The attorney for a Sequim man charged with marijuana possession is ready to file motions in court accusing the Olympic Peninsula Narcotics Enforcement Team of trespassing, planting evidence, falsifying information, and using a drug-abusing sex offender as a confidential informant.
In an Oct. 20 letter to Clallam County Prosecutor Deb Kelly, attorney Michael Haas said he is hopeful the case against Steve Fager can be resolved without filing the 70-page motion, which requests dismissal of the case or in the alternative, to hold a hearing to determine if OPNET’s search warrant was based on false information by law enforcement.
Clallam County Sheriff Bill Benedict, speaking on behalf of OPNET, said he strongly denies the allegations and will fight them in court.
Fager was arrested in October 2009 after OPNET served a search warrant on his residence near the 100 block of Glendale Drive. Officers said they found more than 40 grams of marijuana, making it a Class C felony.
The search was part of a larger bust, yielding 10 arrests, following a 14-month investigation by OPNET into a marijuana manufacturing and distribution ring, officers said.
But Haas said it was a minor medical marijuana grow operation serving several middle-aged people who all had valid medical marijuana authorizations. Additionally, the confidential informant used by OPNET over the course of the investigation “most likely never had a sober day the entire time OPNET worked with him,” Haas said in his motion.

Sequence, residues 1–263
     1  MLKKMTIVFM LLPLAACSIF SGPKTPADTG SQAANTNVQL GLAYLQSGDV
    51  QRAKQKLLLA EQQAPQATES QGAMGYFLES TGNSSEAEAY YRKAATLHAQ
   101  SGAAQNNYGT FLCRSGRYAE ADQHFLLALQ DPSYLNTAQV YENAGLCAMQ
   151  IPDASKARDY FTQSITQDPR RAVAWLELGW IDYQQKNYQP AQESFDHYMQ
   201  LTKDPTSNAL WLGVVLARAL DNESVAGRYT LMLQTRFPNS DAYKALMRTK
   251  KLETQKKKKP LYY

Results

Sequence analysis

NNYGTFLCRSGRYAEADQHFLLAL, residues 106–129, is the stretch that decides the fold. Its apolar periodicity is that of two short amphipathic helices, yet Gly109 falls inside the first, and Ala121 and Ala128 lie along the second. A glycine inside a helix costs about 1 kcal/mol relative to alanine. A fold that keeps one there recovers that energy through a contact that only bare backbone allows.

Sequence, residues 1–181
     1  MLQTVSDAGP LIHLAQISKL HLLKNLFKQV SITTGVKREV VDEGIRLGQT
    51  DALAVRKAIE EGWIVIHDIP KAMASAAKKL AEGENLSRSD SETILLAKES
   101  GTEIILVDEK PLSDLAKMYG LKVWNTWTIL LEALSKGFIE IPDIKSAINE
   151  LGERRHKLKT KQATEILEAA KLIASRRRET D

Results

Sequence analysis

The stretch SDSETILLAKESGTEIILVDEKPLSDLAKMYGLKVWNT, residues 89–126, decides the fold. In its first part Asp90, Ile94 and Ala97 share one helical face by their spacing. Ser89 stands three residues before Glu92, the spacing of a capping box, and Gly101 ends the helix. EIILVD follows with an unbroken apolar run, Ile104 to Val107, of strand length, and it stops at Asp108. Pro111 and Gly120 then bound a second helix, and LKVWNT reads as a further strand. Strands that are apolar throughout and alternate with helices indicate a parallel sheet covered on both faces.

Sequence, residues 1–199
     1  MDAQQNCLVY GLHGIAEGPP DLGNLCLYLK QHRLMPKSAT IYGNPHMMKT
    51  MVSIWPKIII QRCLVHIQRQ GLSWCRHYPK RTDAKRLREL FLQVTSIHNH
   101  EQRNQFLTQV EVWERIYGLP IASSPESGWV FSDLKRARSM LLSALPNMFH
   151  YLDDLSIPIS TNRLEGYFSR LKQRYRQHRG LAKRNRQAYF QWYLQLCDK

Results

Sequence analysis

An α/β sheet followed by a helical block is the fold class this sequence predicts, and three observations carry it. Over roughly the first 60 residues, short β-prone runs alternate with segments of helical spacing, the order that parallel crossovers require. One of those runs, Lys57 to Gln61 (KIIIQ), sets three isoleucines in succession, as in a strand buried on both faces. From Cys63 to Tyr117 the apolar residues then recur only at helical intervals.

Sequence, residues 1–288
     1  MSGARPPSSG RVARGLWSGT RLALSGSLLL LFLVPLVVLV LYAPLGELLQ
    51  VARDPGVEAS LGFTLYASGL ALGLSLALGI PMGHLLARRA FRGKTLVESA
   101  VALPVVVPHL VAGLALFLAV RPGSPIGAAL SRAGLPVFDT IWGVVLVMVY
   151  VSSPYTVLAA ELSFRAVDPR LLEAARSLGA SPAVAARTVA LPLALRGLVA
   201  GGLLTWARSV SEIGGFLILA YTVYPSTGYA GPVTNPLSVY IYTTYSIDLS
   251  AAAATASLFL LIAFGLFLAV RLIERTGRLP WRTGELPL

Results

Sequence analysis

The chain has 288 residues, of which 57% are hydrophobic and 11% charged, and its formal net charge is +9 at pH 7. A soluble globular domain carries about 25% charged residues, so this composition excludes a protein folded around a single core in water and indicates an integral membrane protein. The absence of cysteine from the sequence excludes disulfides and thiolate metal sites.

The informant, Joseph Haynes, died of a drug overdose the morning the search warrants were carried out. He also was a sex offender out of West Virginia who was wanted by authorities there during the investigation, according to the motion.
In his letter to Kelly, Haas said if the motion is filed, “The validity of hundreds of Clallam County prosecutions and OPNET seizures of property will no doubt be called into question and the financial repercussions to the stakeholders will be astronomical.”
Haas said the charges against Fager and his brother need to be dropped as well as the civil forfeiture proceedings against them and Gary Corman, who also is tied to the case along with Kathleen Wheller.
Attorney fees in excess of $200,000 also need to be paid to the Fagers, Corman and Wheller, he said.
Haas said if a resolution is not reached, they will file formal complaints against five OPNET officers and a Drug Enforcement Administration agent.
“There are some serious abuses OPNET has engaged in, not just in this case but a number of cases,” Haas said Monday. “It’s clear we’re trying to extend an olive branch and save taxpayers money.”
Haas said while the sheriff has not returned his phone calls, he is in contact with the Clallam County Prosecutor’s Office.